The Jett-town Shopping Center. several
small shops under one roof. was also near
ruin. But the heaviest damage to the
community of Jett was found in the
remains of a mobile home park.

Six persons were injured here when the
tornado passed through Wednesday. Over
30 mobile homes were totaled or damaged
in the severe storm.

FRANKLIN (‘Ol'NTY Health Depart-
ment workers were busy in the trailer lot
administering tetanus shots to persons
who had been injured while sifting through
the debris.

Up the road from Jett. in the subdivision
of Tierra Linda. apartment buildings were
slightly damaged and stylish homes
leveled. At least one house was so severely
damaged almost nothing could be

Yet. and this is really hard to un-
derstand. in one end of the subdivision
several homes were hardly touched. The
twisters selection of victims was as spooky
as a game of Russian roulette.









I— THE KENTUCKY KERNEL. Friday. April 5. I974

it 04 131E933

For U. K. only:
Wildcat Pizza ' Spams" 0mm

0 Bacon
Only $3.33 - Ground Beef
and - Lexington's



0 Mangos

By (XIIUI. \Il‘\lit)l~‘,
Kernel Stall “rilel'

\i'heelwright. Kentucky. is in the far southern tip
ol I’loyd county. a distant hour and a half drive
from the county seat. Prestonsburg. At one time the
town was a prosperous coal camp. built and
managed by the Inland Steel t‘orporation.

\\'ith the decline of coal production in the early
1960‘s. the town‘s population decreased, houses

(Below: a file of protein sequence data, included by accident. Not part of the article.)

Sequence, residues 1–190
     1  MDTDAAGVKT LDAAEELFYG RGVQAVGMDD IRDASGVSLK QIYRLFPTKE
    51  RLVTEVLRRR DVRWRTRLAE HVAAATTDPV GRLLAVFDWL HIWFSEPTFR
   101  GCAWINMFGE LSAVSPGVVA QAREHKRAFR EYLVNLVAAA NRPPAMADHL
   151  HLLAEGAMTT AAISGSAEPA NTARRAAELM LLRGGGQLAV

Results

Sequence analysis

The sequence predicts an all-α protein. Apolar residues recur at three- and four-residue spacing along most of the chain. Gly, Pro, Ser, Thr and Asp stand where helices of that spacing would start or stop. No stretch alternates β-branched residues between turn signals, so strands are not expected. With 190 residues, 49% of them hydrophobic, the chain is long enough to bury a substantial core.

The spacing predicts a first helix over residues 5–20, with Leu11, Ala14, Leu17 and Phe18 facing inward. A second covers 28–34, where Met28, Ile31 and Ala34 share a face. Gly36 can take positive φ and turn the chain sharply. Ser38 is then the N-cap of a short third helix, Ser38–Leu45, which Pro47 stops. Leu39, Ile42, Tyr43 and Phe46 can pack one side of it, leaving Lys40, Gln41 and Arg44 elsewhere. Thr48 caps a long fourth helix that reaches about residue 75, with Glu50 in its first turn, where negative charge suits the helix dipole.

vacated. business. recreation and medical tacilties

Wheelwright was sold for $1.3 million to Mountain
Investment Company. which presently owns the gas
and electric companies and all but a tew housmg

Carry Out Draft Beer

”All ingredients fresh and baked on the hearth”

269-4668 or 2694213 2350 Woodhitl Center
behind Williamsburc. Sq. Apts.


Student Government

April 9-10

Check Monday's Kernel
for important
information on polling places





Bl 'I‘ 'l‘llli (‘tnnu'NlTY is being redeveloped
with the assistance of University Year in Action
il'\.\i student volunteers. Nine graduate and
undergraduate students with majors in political
science. social work. humanities and Speech work
\\ ith local city authorities to reinstitute health and
social services and recreational facilities in the

.\ library reopened a few weeks ago with 10.000
\ olumes. many donated by l' K students and staff. It
h-id been closed since 1965; the shelves in the
library. books intact. were boarded up with planks
and nails.

Prestonsburg has the only other library in Floyd
t'ounty \l'heelwright‘s. though. has usage.

"'I‘lllfi 'l‘tt\\\ IS blessed with enlightened city
leadership.“ said Tom Bhodenbaugh. (‘ollege of
Social Professions assistant professor and
\\heelwright project supervisor.

"We can offer support and technical assistance
through student volunteers but none of what our
l \ .\ people have done would have been possible
without the support and cooperation of local
people.” Ithodenbaugi‘i added.

“fit WINNER or


including 3551 PICTURE













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UYA volunteers help revitalize
east Kentucky coal community